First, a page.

The city of Aventura has removed a popular community garden space and replaced it with pickleball courts… and some locals are outraged.
Situated along the waterfront of Dumfoundling Bay in suburban north Miami, the 12-acre park offers a range of amenities for visitors to enjoy. Among them are a pleasant walking trail, a well-equipped playground, an expansive athletic field, and several tennis courts.
However, what truly captivated numerous residents was the Aventura Community Green Garden nestled in the heart of the park.
The garden was demolished earlier this year as part of the city’s project to construct a pickleball court in its place. The subsequent protests claim the new courts will have environmental, legal, and noise implications issues for the surrounding area, especially as the introduction of floodlighting will also allow play to happen at night.
Not All Doom And Gloom
It’s not all doom and gloom, though.
As part of the project, the community garden space has been relocated to a nearby plot that offers picturesque views of the Intracoastal waterway, and its size has been expanded from 48 to 52 planters.
The city is collaborating with a landscape architect and seeking advice from a horticulturist to ensure the garden thrives. Together, they aim to select vegetation that creates biodiversity by attracting butterflies and enhancing the park’s natural beauty.
Additionally, the park’s revitalization plans include an increased tree canopy, strategically providing more shaded areas by harnessing the power of nature.
Living In A Gun Range
For Ariel Penzer, who lives in the apartment complex next to Founders Park, the problem with the city’s plan is more than just relocating a community garden.
Penzer said, “I am not a gardener, but nobody wants to garden near the sounds of pickleball. Double the normal decibel levels. The sound is horrible. It’s like living in a gun range.”
City Communications Director Evan Ross explained the reasoning behind the plan to the Miami New Times last month:
“The demand for pickleball obviously is no secret. Lots of the condos in Aventura have been converting some of their tennis courts to pickleball courts”.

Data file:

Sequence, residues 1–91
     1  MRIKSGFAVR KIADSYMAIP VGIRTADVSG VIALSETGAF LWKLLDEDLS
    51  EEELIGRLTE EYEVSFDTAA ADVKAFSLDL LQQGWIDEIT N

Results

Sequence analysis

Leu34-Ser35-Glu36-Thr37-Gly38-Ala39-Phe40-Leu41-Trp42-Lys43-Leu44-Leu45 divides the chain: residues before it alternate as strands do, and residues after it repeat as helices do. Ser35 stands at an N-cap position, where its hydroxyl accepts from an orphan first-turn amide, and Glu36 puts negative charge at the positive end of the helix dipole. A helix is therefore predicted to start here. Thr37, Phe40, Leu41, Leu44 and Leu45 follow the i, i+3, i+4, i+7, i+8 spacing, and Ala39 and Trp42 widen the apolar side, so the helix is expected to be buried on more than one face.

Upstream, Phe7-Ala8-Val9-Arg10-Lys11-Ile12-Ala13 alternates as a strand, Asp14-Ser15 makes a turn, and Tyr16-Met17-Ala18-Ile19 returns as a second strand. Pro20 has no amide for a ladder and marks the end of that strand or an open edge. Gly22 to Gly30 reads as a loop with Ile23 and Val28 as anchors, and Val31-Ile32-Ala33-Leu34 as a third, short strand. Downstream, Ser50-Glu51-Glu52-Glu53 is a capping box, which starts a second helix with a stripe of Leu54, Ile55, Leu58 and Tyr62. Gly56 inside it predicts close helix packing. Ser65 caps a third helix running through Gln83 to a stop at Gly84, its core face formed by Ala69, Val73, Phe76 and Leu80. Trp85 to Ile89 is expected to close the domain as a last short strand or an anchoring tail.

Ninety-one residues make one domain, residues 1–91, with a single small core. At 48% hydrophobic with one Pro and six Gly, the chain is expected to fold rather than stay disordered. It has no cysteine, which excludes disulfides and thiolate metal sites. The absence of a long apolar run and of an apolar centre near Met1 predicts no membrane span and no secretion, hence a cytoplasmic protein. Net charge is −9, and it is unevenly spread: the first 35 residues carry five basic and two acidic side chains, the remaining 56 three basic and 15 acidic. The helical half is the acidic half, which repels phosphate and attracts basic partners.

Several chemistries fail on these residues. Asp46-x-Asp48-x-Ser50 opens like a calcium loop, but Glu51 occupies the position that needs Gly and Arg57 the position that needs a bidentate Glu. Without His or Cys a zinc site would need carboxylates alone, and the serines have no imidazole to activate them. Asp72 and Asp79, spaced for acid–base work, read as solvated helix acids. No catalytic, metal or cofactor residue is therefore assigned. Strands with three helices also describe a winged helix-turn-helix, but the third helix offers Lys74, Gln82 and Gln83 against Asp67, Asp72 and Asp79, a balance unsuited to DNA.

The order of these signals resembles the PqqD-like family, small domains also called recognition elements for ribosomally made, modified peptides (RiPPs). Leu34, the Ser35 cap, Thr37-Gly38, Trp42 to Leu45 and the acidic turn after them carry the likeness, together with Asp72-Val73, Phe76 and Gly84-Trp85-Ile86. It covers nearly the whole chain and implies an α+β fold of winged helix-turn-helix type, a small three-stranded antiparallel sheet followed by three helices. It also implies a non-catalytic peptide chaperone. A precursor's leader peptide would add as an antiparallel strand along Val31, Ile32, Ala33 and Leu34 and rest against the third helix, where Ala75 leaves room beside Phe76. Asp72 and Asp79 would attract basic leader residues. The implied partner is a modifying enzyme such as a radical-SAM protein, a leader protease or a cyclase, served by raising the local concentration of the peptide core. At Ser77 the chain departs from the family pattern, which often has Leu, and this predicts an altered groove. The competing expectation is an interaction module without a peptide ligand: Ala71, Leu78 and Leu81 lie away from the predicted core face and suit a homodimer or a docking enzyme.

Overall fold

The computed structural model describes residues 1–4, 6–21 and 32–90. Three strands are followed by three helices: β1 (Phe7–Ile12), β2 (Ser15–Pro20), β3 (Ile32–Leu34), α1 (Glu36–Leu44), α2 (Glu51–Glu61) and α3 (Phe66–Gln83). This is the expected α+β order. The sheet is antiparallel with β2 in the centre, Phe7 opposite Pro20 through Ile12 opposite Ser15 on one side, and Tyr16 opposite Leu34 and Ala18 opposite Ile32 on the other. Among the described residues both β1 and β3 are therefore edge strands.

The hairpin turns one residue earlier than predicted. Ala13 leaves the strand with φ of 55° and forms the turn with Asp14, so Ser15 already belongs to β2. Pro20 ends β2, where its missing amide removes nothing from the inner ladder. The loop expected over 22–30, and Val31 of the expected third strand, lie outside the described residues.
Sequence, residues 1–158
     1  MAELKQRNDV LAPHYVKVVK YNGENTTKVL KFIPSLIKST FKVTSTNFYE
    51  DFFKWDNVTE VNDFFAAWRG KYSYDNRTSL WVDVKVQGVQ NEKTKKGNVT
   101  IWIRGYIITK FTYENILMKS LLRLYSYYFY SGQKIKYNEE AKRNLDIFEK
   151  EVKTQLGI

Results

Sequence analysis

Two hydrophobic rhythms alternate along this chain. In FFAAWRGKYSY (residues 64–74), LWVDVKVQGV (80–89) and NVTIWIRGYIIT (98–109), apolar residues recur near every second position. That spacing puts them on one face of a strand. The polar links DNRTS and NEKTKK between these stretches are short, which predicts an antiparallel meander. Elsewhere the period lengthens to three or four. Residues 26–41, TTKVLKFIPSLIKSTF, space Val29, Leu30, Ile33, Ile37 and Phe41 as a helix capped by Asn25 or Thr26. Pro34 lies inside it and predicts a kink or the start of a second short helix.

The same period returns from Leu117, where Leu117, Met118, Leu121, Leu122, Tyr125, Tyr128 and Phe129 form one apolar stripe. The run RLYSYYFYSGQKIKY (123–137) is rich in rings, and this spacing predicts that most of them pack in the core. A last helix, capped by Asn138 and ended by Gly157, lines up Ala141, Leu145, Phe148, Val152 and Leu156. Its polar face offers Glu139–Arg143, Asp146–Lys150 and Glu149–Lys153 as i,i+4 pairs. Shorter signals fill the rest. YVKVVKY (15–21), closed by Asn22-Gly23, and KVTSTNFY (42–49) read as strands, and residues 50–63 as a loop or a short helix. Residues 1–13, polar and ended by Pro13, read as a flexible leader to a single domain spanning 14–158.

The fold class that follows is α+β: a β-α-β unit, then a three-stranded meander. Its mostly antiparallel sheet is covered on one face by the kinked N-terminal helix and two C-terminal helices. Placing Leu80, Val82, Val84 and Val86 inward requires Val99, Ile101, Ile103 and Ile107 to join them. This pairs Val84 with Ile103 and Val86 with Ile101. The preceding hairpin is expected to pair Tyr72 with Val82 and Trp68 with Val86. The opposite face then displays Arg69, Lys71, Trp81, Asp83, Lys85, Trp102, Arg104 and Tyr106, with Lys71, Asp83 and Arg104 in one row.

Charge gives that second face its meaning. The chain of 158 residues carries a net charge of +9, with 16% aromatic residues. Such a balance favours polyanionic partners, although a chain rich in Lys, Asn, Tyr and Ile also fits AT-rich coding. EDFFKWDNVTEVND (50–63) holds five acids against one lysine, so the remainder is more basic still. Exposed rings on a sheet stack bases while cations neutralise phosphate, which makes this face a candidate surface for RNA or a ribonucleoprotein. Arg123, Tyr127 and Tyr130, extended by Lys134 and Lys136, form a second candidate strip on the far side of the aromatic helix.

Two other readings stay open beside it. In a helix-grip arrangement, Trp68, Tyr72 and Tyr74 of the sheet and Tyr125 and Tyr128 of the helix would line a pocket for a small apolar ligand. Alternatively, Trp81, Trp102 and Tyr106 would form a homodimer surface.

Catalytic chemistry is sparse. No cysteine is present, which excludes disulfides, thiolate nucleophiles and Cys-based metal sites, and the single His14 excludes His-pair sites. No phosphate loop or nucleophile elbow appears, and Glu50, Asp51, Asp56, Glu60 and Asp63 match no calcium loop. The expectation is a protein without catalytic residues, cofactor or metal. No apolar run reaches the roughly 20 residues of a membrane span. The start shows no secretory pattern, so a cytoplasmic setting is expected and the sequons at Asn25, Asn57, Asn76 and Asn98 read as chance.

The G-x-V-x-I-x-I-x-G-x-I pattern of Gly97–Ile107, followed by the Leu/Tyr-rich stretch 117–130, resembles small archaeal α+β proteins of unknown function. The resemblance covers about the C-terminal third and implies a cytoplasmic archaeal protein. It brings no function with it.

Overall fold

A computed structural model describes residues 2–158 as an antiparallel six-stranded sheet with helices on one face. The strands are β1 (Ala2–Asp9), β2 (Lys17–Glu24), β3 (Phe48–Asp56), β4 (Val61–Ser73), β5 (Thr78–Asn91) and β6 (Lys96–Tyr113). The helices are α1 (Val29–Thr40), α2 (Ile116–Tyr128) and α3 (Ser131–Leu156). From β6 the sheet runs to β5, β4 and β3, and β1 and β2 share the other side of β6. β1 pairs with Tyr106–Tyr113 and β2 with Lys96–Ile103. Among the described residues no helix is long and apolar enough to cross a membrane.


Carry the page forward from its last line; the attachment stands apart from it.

Aventura Mayor Howard Weinberg told The Daily Beast, “The gardens will be in the SAME park they have always been. They will actually be located in the nicest spot in the same park—along the waterfront!”
After sending the city cease-and-desist letters concerning the Founders Park project, a local property association escalated its litigation earlier this month when it filed a complaint and a motion for injunction with the Miami-Dade Circuit Court.
The potential loss of tranquility is also detailed in the complaint, which states that “the striking of a pickleball with a pickleball paddle produces a sound that uniquely impacts and disturbs human beings.”
Mayor Weinberg explained that the court decision was spurred by an “exploding demand” for pickleball.
He then rather strangely added: “My condominium has wonderful tennis and pickleball courts on the third floor of our building. I personally have no need for public tennis or pickleball courts. I can play anytime I want; just an elevator ride away.”
“We plan to continue,” Penzer said. “The only way [the Mayor] will hear the end of us is if he puts the community garden back to its original place and keeps the trees. He could be the real hero here.”
Read our other great stories about pickleball and its noise-related issues.
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